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Recently, I read this article which interprets である as described by this post's title, so 学生である would be analyzed as "(I) exist in the form of a student".

On one hand, である originated from にて + あり, with にて being the precursor of で particle.

非回答者 also mentioned here regarding the splicing of である with a topic

Grammatically, である can be treated as one word, which is probably why you feel it weird being spliced, but native speakers know instinctively that it consists of two parts で and ある and that the subject for ある could be squeezed in between. "in (= で) a certain state + subject + ある(exists)".

On the other hand, if one looks at the ある entry in dictionaries, e.g. 大辞林 definition (二).1, 大辞泉 definition (二).3, and 広辞苑 definition (12), one would see something along the lines of

名詞に助動詞「だ」の連用形「で」を添えた形に付いて

i.e. で is specified as the 連用形 of だ instead of as a particle.

Also, since ある in である is listed as 補助動詞, and Wikipedia JP's page on 補助動詞 says that

日本語などにおいて、別の動詞に後続することにより文法的機能を果たす動詞で、それ自体の本来の意味は保っていない(前の動詞との組合せで意味を持つ)ものである

is it still correct to isolate the ある and say it means "to exist"?

In short, can one break down である into the particle で and the verb ある, and analyze である as "to exist in the form of ~"?

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When you read that で is the 連用形 of 断定の助動詞「だ」, that's a reanalysis. That is, from a modern perspective it makes sense to talk about it that way, and you should be familiar with the concept if for no other reason than to understand dictionary entries.

But that doesn't mean that's how it came about historically. Of course だ is contracted from である, and etymologically で is just である without the tense-bearing ある. The same thing is true of the old copula なり, which is a contraction of にあり. If you look it up, you'll see that it's analyzed as having に as a 連用形, but from an etymological perspective it's simply にあり without the あり.

To assert that it's etymologically a だ plus て, we'd need to suggest something like にてありて somehow contracting all the way down to で, but this is implausible historically, given that に and にて were used as copulas before the derived copula である existed. The copula に goes back all the way to proto-Japonic and is clearly a more basic form.


You also ask "is it still correct to isolate the ある and say it means 'to exist'." Here I have to say no.

It's clear that in Modern Japanese ある in である is being used grammatically, not lexically. "Exist" is a gross over-translation. If you'd like to suggest that this was where it comes from etymologically, that it's its literal meaning, you could do so (although I think the "as" meaning of で is historically secondary, so I don't think it's quite right). But in any case I don't think that's what it means now.

Remember that etymology does not determine what a word means in the modern language. To determine that, you have to look at how it's used now. Otherwise, you're falling victim to the etymological fallacy.


So how do we analyze it now? Well, there's more than one valid way to think about it, and I won't attempt to teach you the One True Analysis. But I'll present one possible alternative below.

The modern linguist Kunio Nishiyama, in his 1999 Adjectives and the Copulas in Japanese, refers to で as the predicative copula and ある as the dummy copula. In this analysis, the former is used to create copular predicates, and the latter is a dummy verb whose sole purpose is to bear tense. (Of course, ある has other uses where it is not a dummy verb.)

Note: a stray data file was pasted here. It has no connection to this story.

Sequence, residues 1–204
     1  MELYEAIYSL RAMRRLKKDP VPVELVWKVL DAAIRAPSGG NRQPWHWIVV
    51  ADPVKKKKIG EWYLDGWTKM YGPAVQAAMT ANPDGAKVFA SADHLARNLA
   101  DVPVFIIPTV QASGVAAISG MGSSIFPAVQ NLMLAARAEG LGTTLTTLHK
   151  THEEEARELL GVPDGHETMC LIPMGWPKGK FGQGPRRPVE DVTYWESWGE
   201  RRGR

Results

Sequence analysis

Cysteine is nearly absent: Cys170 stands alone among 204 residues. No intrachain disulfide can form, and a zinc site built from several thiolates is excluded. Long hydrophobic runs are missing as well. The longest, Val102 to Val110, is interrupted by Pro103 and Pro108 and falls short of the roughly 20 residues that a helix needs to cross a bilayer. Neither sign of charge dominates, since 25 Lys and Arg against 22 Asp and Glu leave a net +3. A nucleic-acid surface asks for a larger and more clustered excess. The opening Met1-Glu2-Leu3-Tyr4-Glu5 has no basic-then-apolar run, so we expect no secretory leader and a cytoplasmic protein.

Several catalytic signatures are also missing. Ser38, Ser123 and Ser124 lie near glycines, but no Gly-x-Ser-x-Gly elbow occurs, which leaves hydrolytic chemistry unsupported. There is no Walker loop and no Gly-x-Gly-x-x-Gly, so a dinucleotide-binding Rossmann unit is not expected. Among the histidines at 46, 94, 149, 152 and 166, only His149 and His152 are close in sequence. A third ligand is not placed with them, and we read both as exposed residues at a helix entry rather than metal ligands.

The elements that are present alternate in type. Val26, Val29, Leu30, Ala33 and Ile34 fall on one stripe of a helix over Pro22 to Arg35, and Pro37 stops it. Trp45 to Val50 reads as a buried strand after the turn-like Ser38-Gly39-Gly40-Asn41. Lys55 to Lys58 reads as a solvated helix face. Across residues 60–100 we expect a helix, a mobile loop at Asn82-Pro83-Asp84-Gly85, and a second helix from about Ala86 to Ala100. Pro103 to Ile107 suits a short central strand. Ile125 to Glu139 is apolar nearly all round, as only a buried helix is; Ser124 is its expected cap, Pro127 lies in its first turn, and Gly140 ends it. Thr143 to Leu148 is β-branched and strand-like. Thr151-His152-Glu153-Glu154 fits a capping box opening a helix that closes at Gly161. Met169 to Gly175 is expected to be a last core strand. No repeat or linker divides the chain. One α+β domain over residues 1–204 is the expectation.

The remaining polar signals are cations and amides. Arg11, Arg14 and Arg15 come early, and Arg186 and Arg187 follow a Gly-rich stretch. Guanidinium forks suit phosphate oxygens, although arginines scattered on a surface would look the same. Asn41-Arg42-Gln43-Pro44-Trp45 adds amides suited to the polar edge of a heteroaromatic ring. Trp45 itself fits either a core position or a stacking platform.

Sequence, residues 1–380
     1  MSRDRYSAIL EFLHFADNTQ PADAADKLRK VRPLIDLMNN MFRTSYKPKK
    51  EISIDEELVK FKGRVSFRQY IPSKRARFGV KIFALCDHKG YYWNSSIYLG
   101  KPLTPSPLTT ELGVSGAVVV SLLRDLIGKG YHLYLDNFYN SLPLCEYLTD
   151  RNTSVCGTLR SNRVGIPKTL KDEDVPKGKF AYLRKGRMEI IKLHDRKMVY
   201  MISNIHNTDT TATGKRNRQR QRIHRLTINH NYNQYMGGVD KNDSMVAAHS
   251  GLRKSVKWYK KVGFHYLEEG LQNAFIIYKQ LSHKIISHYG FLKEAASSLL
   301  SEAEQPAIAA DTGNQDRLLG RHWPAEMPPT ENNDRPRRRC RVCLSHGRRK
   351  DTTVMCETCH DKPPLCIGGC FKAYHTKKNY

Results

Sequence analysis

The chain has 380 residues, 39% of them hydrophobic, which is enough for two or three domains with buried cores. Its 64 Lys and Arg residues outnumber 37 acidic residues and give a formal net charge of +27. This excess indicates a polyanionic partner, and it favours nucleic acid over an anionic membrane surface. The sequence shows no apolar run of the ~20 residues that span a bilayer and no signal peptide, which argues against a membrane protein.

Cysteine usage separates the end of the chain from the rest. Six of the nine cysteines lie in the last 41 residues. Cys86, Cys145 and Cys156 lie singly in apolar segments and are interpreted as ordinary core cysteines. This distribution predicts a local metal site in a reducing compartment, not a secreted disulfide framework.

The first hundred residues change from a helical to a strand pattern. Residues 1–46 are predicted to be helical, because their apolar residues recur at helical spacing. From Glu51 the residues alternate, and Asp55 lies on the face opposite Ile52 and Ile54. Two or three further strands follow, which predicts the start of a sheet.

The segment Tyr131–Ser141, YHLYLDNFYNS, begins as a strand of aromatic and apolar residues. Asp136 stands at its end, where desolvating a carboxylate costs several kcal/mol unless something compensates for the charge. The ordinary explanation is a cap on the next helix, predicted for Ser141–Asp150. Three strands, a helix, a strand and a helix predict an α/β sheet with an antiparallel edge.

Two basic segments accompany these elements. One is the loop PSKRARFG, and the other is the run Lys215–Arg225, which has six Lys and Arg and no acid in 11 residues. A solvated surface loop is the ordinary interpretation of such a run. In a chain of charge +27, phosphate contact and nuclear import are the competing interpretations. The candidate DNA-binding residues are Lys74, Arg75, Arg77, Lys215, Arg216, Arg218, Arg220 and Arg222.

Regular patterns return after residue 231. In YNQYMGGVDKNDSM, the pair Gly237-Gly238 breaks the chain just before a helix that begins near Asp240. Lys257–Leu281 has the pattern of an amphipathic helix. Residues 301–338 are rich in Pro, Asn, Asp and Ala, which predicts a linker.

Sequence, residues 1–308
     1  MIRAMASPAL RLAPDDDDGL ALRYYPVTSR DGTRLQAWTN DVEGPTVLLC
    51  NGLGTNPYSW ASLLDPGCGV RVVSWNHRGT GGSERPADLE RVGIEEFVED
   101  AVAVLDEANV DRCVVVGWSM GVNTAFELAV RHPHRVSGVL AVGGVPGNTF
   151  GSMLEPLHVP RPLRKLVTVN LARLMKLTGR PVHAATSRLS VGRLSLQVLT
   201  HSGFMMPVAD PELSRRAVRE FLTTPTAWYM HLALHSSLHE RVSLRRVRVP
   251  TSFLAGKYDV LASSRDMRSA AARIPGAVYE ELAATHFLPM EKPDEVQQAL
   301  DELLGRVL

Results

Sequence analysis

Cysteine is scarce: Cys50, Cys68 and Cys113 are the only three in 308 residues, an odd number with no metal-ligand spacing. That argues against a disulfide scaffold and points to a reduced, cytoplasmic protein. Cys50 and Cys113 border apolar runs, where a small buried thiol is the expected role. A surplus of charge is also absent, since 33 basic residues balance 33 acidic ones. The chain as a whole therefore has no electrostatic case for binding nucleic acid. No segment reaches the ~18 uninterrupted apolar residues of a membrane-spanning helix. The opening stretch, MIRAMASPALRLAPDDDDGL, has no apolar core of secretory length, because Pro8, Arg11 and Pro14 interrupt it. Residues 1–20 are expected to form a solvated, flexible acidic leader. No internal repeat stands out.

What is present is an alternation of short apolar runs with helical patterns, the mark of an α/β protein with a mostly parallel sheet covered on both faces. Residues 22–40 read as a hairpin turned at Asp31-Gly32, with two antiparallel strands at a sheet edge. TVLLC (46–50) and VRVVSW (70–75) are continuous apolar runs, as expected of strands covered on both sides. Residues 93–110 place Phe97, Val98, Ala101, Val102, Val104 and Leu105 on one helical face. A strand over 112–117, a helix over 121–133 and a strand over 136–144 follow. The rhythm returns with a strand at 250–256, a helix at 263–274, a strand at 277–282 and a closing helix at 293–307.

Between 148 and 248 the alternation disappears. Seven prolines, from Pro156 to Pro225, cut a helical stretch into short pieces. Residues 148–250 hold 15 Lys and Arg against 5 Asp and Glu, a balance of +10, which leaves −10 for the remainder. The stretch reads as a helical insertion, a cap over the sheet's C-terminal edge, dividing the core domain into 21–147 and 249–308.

If we adopt this theory, we can treat the combination of である contracting into だ when the two are next to each other. This contraction only happens under certain conditions. For example, if you insert a particle such as も, the contraction is blocked:

 Aで  Bで  ある  →  Aで Bだ     (である becomes)  
 Aで Bで ある  →  AでBである  (contraction blocked)

Here, both Aで and Bで are copular predicates, but it's not a complete sentence without ある, which turns the whole thing into a present tense sentence.

In similar fashion, we can treat だった as contracted from であった and です as contracted from であります if we'd like (although the actual historical etymology of です is uncertain).

  • A lot to digest here. I have a feeling that I've bitten more than I can chew... Would all the 補助動詞 be considered "dummy copula"? – 3 to 5 business days Aug 2 '14 at 19:12
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    @3to5businessdays 補助動詞 are grammaticalized uses of certain verbs (Martin 1975 p.512 lists いる/おる/いらっしゃる, くる/まいる, いく, くれる/くださる, しまう, みる, おく, もらう/いただく, ある/ございます, やる/あげる, and みせる) following て in which the verbs no longer have their usual meaning and aren't considered to form independent predicates. Most of them are not dummies because they contribute semantically, e.g. ~ている with its progressive/resultative/habitual/experiential meanings that ~て alone does not have. In contrast, で can form non-finite predicates without ある, so we can conclude that ある doesn't contribute semantically to である. – snailcar Aug 2 '14 at 19:29
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The で in 「名詞 + である」 is not a particle/助詞, but a 助動詞(auxiliary verb).

The ある in 「名詞 + である」 is not a 補助動詞(subsidiary verb) because 補助動詞 should follow a te-form verb. The ある in [包]{つつ}んである、[畳]{たた}んである、[組]{く}んである etc. would be a 補助動詞.

The である in 「名詞 + である」 consists of 助動詞「だ」の連用形「で」 + 動詞「ある」. 「名詞 + である。」 at the end of a sentence functions in the same way as 「名詞 + です。」(polite) and 「名詞 + だ。」(casual).

Yes, you can break down である into で(assertive auxiliary verb だ) and ある(the verb 在る/有る) and analyse it as "to exist as~~ / to exist in the state of ~~". You don't "translate" it that way, though.

  • 大辞泉・大辞林 specifies ある as 補助動詞 though. – 3 to 5 business days Aug 2 '14 at 18:56
  • @3to5businessdays Heh... I realised I know so little about my own language... – user1016 Aug 3 '14 at 12:47

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